Ruth Faerber is an innovative artist who played a pivotal role in pioneering lithography practice in Australia, before developing a unique form of paper relief sculpture.
Born Ruth Levy in Sydney in 1922, Faerber was inspired by her high school art teacher Gladys Gibbons, a painter and printmaker active during the period between the First and Second World Wars. Intent on becoming an artist, Faerber enrolled at the age of 17 in Peter Dodd’s Commercial Art School. There she was exposed to modern art through Dodd and his artist associates such as Frank Hinder and Justin O’Brien.
During World War Two, Faerber found employment at the Market Printery, where commercial print production gave her a grounding in the processes that would define her later career. A formative experience between 1944 and 1947 was the tuition of Desiderius Orban at his art school. A Jewish–Hungarian painter who had fled the Nazis, Orban introduced his students to cubism and the art of Paul Cézanne and cultivated an unorthodox attitude of experimentation.
After marriage and the birth of two children, Faerber continued to develop her work. She took part-time art classes at East Sydney Technical College (now the National Art School) and turned the family garage into a studio. When Joy Ewart – another former student of Orban’s – set up the Workshop Art Centre in Willoughby in 1961, Faerber’s love of printmaking flourished. The centre hosted Sydney’s only public studio for lithography, a medium Faerber was drawn to for its immediacy. She once said, ‘Lithography as a medium appeals because of its direct, spontaneous quality – the mark becomes the print. My images develop more often than not out of the discoveries I make during the process, only conditioned and refined by a search for form and space relationships’. In works such as Figures in the night, now in the Art Gallery of New South Wales collection, her skills in dynamic mark-making and colour layering are clearly visible.
In the 1960s and 70s Faerber rode a wave of growing interest in the graphic arts in Australia, a phenomenon supported by European émigré artists, who brought with them a strong tradition of printmaking. In 1963 she held her first solo exhibition consisting of paintings and lithographs at The Little Gallery. Exhibitions of her prints at Stadia Graphics, Bonython Gallery and The Blaxland Gallery followed. A successful application to the Pratt Center for Contemporary Printmaking sent her to New York in 1968. Faerber was impressed by how modern technologies were being absorbed into the art coming out of New York, such as Robert Rauschenberg’s integration of photographic images within printmaking. She went on to pioneer this technique in Australia, along with the use of spray paints in lithography.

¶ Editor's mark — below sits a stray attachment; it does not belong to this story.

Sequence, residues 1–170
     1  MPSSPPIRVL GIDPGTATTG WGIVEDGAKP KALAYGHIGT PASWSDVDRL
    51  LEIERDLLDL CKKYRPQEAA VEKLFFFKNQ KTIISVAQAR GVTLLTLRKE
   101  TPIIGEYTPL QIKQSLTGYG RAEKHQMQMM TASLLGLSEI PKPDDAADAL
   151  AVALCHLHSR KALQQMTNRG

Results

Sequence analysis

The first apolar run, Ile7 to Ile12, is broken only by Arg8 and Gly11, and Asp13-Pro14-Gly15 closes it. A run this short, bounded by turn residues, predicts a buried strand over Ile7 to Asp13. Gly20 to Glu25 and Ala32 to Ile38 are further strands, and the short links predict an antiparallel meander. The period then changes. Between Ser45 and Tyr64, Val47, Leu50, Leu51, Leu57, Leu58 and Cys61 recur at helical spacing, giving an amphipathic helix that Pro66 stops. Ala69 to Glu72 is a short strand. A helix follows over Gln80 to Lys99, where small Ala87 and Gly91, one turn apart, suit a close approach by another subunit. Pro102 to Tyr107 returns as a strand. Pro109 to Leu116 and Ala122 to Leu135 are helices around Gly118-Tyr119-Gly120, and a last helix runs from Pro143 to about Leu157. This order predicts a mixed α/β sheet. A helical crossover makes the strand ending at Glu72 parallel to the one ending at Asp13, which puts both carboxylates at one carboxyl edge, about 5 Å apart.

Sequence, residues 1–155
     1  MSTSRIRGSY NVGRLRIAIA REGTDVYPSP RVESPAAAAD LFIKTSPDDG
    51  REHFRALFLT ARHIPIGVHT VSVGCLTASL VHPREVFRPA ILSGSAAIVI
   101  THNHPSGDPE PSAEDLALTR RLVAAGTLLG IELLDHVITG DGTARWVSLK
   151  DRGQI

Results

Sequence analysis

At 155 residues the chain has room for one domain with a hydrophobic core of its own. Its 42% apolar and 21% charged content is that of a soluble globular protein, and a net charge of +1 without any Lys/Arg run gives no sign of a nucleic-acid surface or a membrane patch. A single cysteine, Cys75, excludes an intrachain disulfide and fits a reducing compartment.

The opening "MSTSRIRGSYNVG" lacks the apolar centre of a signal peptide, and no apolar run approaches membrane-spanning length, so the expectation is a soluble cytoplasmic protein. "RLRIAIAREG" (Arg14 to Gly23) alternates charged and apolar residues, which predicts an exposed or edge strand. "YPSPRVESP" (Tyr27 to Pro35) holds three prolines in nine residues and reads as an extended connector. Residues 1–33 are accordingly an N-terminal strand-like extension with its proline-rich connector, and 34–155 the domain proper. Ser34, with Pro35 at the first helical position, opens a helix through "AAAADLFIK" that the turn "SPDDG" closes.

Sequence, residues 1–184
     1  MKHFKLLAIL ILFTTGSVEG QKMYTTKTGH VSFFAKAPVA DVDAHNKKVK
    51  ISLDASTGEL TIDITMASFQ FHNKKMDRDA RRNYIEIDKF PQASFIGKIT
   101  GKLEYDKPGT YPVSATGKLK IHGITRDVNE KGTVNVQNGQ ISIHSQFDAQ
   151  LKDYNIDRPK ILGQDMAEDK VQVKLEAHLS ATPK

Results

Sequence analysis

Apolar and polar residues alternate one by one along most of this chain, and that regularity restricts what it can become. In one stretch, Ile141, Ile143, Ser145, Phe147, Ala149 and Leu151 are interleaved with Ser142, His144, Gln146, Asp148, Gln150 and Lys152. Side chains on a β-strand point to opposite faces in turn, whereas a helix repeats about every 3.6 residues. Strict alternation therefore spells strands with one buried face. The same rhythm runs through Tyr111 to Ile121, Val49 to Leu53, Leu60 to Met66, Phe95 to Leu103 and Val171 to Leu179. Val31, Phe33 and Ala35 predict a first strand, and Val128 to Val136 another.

Faerber was sometimes limited by the standard sizes and costs of imported printing papers. Wanting to make her own, in 1980 she signed up for the first professional papermaking workshop in Australia at Hobart’s new Jabberwock paper mill, part of the Tasmanian School of Art. After laying down a sheet of wet paper the wrong way and finding it dried into an irregular shape, she changed the course of her practice: ‘I thought, “How interesting” … I could make artworks not on paper but in paper’.
Faerber started casting paper pulp in her own moulds to create both one-off and editioned reliefs. Her modelled impressions in paper had the appearance of bas-relief in stone, which for Faerber carried profound historical resonances. She soon began tinting the sculptural shapes with earthy pigments, creating deep shadows, like an ancient carving seen in firelight.
Works such as Excavation 3, also in the Art Gallery collection, were inspired by an interest in archaeology and travels to places like Pompeii and Jerusalem. They were also borne out of a concern for political issues, such as war and nuclear proliferation. Faerber felt that by invoking a sense of the eternal through sculpture and a universal pattern language, she could draw attention to humanity’s common roots and bonds across time. Her relief works are considered highly original in the realm of paper arts and became the focus of her practice for over three decades.
Over her career, Faerber was awarded several prizes. She was represented in the Archibald, Wynne and Sulman Prizes with 19 works between 1955 and 1997, including portrait and landscape paintings and mural designs, winning the 1980 Pring Prize for best watercolour by a woman artist. Alongside her art practice, she worked from the 1960s onwards as art reviewer for the Australian Jewish Times. She also maintained a teaching career and was at one stage tasked with establishing the lithography department at the College of Fine Arts, Sydney.
Ruth Faerber’s archive is held in the Art Gallery’s National Art Archive, along with an extensive interview with the artist.